Southeastern Conference football teams have won the national title seven years in a row now. Before that it was the University of Texas. Southern teams dominate this fanatical American pastime. You have to go back to 2002 to find a Northern team that won the national championship (Ohio State).
In last year's championship game, Alabama beat Notre Dame and imaginary linebacker Mante Te'o 42 to 14. The Fighting Irish were distraught. Too bad the Irish do not have some sort of time-honored custom in which they commiserate with each other and drown their sorrows.
It is an article of faith here in the "Bible Belt" that SEC football is holy. You are to have no other gods before it, or even at halftime, not even NASCAR or the lottery.
If you drive south in the fall, about the time you start seeing Elvis artwork and shot glasses with the Confederate flag on them, folks will be watching SEC football. That pastime stretches from Kentucky south to Orlando. South of Tampa, you are back in Michigan.
The only college football weekend I missed was opening weekend, when I had to go shopping for wedding preparations with my daughter. It was torture, tantamount to violation of the Geneva Conventions. To no one's surprise, I got all ADD and kept trying to find a TV. Do you know how hard it is to find football on a TV in a bridal shop? It is like trying to find a romantic comedy on ESPN.
Northern elites resent pretty much anything Southern. That is why it is fashionable to be snarky about colleges in the South. To be fair to Northerners, if I lived in a state that smelled like bong water and lost its top football recruits to the South each year, I'd be angry too.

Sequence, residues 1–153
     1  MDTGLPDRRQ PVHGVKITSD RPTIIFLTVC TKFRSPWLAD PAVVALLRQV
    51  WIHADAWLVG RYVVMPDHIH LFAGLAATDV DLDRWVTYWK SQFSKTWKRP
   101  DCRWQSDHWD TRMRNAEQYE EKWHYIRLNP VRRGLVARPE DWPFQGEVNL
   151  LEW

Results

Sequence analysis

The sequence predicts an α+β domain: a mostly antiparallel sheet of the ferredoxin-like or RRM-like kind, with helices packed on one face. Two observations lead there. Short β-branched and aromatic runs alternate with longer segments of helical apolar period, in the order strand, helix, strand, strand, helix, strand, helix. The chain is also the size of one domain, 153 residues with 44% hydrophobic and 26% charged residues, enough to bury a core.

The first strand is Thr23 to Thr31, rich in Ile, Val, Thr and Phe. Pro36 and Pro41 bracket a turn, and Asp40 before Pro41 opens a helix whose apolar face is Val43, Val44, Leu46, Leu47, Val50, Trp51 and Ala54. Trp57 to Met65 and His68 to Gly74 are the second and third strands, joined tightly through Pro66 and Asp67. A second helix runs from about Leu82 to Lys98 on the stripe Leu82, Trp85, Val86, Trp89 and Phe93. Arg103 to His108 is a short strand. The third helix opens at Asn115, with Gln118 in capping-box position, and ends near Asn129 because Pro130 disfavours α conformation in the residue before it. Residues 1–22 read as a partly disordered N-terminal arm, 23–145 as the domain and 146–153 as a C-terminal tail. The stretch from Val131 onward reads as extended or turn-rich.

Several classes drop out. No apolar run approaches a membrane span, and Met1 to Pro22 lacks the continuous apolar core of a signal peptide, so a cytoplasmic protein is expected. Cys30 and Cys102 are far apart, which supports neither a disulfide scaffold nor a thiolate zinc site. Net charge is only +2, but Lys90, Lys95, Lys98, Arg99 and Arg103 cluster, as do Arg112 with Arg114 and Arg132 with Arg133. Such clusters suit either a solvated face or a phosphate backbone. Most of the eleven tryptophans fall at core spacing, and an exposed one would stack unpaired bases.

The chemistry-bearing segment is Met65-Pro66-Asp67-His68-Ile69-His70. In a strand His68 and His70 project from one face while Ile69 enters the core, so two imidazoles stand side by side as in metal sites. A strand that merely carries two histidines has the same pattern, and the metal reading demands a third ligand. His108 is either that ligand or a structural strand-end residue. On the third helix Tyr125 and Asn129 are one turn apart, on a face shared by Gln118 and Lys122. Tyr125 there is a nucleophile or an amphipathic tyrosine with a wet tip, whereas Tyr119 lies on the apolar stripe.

It's not like northern schools have some moral high ground here or are not trying. Look at that Rutgers coach yelling at players. You really cannot have a championship football program where coaches are required to ask nicely that players achieve team goals and have to vet their remarks through the university's Human Resources Department.
While the sport is not perfect, a lot of good is derived from college football. Before I judge these 18 year-old kids, I remind myself that I have hip replacements older than they are. Even if the players do not go to class, they learn many meaningful educational lessons:
Investment 101: Athletes learn about getting a high return on investment (ROI). Let's say, hypothetically, that Auburn University spent $100,000 to get Cam Newton and won a national championship. The highest ROI ever -- allegedly.
Management 101: Athletes learn discipline. When players at Oklahoma State U. get in trouble for violating team rules, they are often suspended without pay.
Law 101: While only 3 percent of college players end up playing professional football, those few will learn a good bit about the legal system. It is a goal of all of great athletes like Ray Lewis and O.J. Simpson to someday achieve the NFL star's ultimate dream: a hung jury.
All this is preemptive banter for my buddies from California who come to different SEC football games each year. This year the six Stanford alums decided to host our trip to California for the first time. They have us scheduled to see Oregon vs. Stanford and USC vs. Cal-Berkley. I asked if these were real football games, or just flag or Frisbee football played on the campus green where every student had to participate equally and all scores had to be ties so there would be no losers. They assured me these college football games included helmets and pads. Intrigued, I plan to attend.
Ron Hart is a syndicated op-ed humorist, award-winning author and TV/radio commentator. Email Ron@RonaldHart.com or visit www.RonaldHart.com